First, we can start with the general definition of the Taylor series expansion, which is:

#sum_(n=0)^N f^((n))(a)/(n!)(x-a)^n#

where #f^((n))(a)# is the #n#th derivative of #f(x)# evaluated at #x -> a#, #n# varies, #a# does not, and #n!# is #1xx2xx3xxcdotsxx(n-1)xxn#. Note that #x->a# does not apply to #(x-a)^n# (yes, I've seen that happen).

Thus you have to take the derivative up to some #n#th order term. Let's say #n = 4#. Then you have:

#f^((0))(x) = f(x) = lnx#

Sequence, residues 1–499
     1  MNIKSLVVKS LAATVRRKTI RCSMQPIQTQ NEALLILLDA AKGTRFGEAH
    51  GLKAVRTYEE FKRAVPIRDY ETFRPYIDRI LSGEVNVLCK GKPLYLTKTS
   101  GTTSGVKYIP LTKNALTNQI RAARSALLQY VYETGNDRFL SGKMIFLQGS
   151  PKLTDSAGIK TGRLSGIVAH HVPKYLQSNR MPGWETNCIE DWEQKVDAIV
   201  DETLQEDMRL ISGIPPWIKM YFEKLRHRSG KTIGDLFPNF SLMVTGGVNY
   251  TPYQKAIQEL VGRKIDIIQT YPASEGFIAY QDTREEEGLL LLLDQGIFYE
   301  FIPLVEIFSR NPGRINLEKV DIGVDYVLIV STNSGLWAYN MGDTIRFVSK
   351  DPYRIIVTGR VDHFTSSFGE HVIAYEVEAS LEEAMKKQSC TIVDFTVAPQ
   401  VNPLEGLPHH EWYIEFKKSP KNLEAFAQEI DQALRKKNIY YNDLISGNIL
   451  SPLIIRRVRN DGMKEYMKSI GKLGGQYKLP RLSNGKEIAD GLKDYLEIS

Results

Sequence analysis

#f'(x) = 1/x#

#f''(x) = -1/x^2#

#f'''(x) = 2/(x^3)#

#f''''(x) = -6/(x^4)#

Now you have the final result to simplify:

#sum_(n=0)^(4) = (f(2))/(0!)(x-2)^0 + (f'(2))/(1!)(x-2)^1 + (f''(2))/(2!)(x-2)^2 + (f'''(2))/(3!)(x-2)^3 + (f''''(2))/(4!)(x-2)^4 + ...#

#= (ln2) + (1/2)(x-2) + (-1/4)/(2)(x-2)^2 + (2/8)/(6)(x-2)^3 + (-6/16)/(24)(x-2)^4 + ...#

#= color(blue)(ln2 + 1/2(x-2) - 1/8(x-2)^2 + 1/24(x-2)^3 - 1/64(x-2)^4 + ...)#

Just remember the following:

- #x->a# only for #f(a)#, not #(x-a)^n#

- #n# varies, but #a# does not

- It's probably wise to take the #n#th derivatives first so you aren't doing them as you are writing out the next step from the point you write out the general series formula